Literally hundreds of students sat respectfully and listened as I presented why I believe Christ rose from the dead, why Jesus is different from all other people who have ever lived (including all other religious leaders), why I believe God created us, answered questions about the Bible and publicly portrayed Christ as crucified. I actually had quite lengthy times to simply preach on topics like my testimony, the nature and tactics of our Adversary (Satan), the importance of God being at the center of our worldview, how God has blessed my marriage in both good and bad times, what Judgment Day will look like, hell, heaven, grace and a whole host of other topics. It was difficult to bring each day to a conclusion as the students simply wanted to keep going, but I called it quits each day around 6:00 or so in order to make it to my evening meetings.

I’m sure the students loved him…

On a side note, I *really* like this idea of how to passive-aggressively deal with a campus preacher:

“About five years ago, some students came up with Tom Short bingo cards. Each card had a mix of the same words, phrases and ideas that he uses… When Tom showed up that year, they distributed the cards, played bingo, and gave candy to the winners.”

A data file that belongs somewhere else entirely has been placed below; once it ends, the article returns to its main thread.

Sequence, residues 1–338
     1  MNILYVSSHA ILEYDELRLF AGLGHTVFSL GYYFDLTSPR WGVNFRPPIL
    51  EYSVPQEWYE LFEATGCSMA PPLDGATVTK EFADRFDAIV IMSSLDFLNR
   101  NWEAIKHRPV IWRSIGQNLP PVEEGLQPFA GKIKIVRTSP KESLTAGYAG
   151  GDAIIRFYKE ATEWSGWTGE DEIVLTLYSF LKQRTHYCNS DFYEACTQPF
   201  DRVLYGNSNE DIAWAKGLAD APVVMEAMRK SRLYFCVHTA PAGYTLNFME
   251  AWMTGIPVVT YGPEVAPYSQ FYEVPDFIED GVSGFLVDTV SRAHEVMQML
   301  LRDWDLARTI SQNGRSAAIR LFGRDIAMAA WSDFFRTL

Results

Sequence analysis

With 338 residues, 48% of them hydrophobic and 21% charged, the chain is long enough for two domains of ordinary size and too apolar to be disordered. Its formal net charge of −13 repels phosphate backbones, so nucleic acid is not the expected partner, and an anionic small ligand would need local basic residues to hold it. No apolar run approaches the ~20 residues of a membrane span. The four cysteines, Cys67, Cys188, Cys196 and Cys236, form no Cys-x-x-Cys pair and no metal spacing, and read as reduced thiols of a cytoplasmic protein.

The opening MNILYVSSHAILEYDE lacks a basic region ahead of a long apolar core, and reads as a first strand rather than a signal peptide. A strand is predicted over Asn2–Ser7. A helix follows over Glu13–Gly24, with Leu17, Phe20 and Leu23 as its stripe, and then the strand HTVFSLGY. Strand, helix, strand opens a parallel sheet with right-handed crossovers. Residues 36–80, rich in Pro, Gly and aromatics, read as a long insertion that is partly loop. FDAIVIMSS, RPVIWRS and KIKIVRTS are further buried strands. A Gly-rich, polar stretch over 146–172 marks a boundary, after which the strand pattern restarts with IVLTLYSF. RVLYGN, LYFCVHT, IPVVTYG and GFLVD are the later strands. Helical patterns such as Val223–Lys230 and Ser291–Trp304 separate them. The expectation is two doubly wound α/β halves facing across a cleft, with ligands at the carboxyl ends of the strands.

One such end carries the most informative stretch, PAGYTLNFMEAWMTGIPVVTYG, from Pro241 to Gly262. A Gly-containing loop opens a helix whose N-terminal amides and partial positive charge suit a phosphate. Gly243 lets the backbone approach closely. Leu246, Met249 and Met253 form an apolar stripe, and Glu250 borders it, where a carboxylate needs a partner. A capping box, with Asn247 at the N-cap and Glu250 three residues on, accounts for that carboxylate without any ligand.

It’s a win-win for everybody!

(via the Secular Student Alliance)

  • Skeptimal

    There was a guy like this at my campus years ago. I was never sure if he was serious or not, because he seemed so far out that it became funny.

    A lot of the guys tried to draw him out on the subject of “polishing his rocket” (his term), which he swore he never did.

  • Peter

    I absolutely love the Bingo idea.

  • Spurs Fan

    When I was a Christian in college, I was a part of the group that hosted Tom Short. Even then, I had issues with him, espcially his marriage of Christianity, economic conservatism, and jingostic ideas of foreign policy.

  • http://blaghag.blogspot.com Jennifurret

    Oh god, I love the bingo card idea. I will plan those this summer for the next time Rev. Jed comes to visit (which he always does). One will definitely be “Uses electrical cords as a metaphor for gay sex.”

  • Robin

    Perhaps they would have gotten the point across to him by being silent, holding signs, and facing away from him. I love the visual of this guy preaching away to a crowd of people’s backs.

  • Richard Wade

    “I think he’s really just turning people off of Christianity.” -Pastor Jim Shirbroun

    GO TOM!

  • Larry Huffman

    I do love the bingo card idea…but only for people who have already proven to be repetetive, etc.